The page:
INSKEEP: OK, so that part stabilized. But is the form itself correct?
TURNER: So bear with me here, Steve.
TURNER: The form is correct. What's wrong is the math the Education Department plans to use to determine how much financial aid a student should get. So the problem was first reported last month by The Washington Post, and it came up as the department was making big changes to the form that were required by Congress, you know, like you said, making it easier to fill out. This year's FAFSA is also more generous than in previous years. And that's because the math behind it protects more of a student's or family's income from being considered in the overall student aid equation. Here's the problem. Congress told the department to adjust these income protections so they keep up with inflation. But the department didn't do that. We don't really know why. They just didn't do it.
INSKEEP: Although it sounds like a big deal, given that in the last couple of years there was a good deal of inflation.
TURNER: There was a lot of inflation. And so if you don't adjust for inflation, families applying for aid are going to appear like they have a lot more income than they really do. And that then means they're going to get less federal student aid. So it won't hurt the lowest-income families, but it will hurt hundreds of thousands of students in the income ranges just above them, you know, borrowers who, without this inflation adjustment, could miss out on really important grant money they're supposed to get. And keep in mind, this formula affects federal work study and even scholarships offered by states and schools.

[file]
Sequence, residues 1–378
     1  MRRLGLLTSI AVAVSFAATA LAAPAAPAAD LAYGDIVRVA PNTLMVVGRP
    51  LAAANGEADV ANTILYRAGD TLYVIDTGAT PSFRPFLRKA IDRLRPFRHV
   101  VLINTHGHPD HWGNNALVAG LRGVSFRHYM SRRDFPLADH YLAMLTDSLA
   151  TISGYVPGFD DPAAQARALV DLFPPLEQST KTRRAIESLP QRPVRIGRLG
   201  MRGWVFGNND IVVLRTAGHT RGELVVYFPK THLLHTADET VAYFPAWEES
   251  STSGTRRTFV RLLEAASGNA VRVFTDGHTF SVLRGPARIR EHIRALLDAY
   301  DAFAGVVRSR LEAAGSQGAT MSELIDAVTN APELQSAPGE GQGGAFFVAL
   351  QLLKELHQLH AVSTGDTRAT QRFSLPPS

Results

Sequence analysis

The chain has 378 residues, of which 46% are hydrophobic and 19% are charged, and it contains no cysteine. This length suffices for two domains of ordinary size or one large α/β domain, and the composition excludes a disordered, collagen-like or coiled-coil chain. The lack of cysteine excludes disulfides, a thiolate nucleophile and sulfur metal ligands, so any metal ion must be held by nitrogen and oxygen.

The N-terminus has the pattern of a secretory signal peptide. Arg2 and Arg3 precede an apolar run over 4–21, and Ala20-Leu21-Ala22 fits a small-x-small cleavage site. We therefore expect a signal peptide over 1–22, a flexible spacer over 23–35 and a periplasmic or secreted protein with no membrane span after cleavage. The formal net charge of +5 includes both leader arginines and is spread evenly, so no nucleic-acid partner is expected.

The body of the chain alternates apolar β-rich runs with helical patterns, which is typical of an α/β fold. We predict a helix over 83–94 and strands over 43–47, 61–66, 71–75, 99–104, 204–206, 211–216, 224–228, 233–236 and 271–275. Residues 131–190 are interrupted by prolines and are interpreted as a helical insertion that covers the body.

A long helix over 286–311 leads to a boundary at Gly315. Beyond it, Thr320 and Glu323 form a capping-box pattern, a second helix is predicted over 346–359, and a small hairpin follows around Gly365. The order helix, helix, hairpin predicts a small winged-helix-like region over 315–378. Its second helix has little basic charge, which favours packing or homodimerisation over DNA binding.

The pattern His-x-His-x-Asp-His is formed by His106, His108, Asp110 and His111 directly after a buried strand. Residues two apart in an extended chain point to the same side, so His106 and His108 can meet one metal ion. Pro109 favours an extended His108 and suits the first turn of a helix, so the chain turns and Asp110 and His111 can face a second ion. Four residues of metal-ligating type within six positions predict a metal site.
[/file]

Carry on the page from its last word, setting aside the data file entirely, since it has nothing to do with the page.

INSKEEP: Cory, you said this is just a math problem. And I'm just thinking back - you know, when you get a math problem wrong in school, which I certainly did plenty of times, I mean, the teacher marks it up with a red pencil, puts a frowny face there, and then you correct it. Why don't they just fix the math?
TURNER: The problem is, it is a huge fix to make, you know, that would require retrofitting the coding beneath the entire system, among other things, and basically a new logistical nightmare just as the FAFSA rollout was starting to calm down. And time is not on the department's side, Steve. You know, they and schools are under enormous pressure to hurry financial aid offers to students because we're already months behind. The FAFSA process normally starts in October. This year, colleges won't be able to start sending out offers until February at the earliest. I am hearing from sources that in spite of all that, the department is leaning towards fixing this now. A spokesperson would only say they're still assessing their options. Ultimately, the department has two ugly options here. They can keep things moving by denying students the full aid that Congress envisioned, or they can risk exacerbating FAFSA delays and confusion in order to follow the law and save families money.
INSKEEP: Cory, thanks so much.
TURNER: You're welcome.
INSKEEP: That's NPR's Cory Turner. Transcript provided by NPR, Copyright NPR.
NPR transcripts are created on a rush deadline by an NPR contractor. This text may not be in its final form and may be updated or revised in the future. Accuracy and availability may vary. The authoritative record of NPR’s programming is the audio record.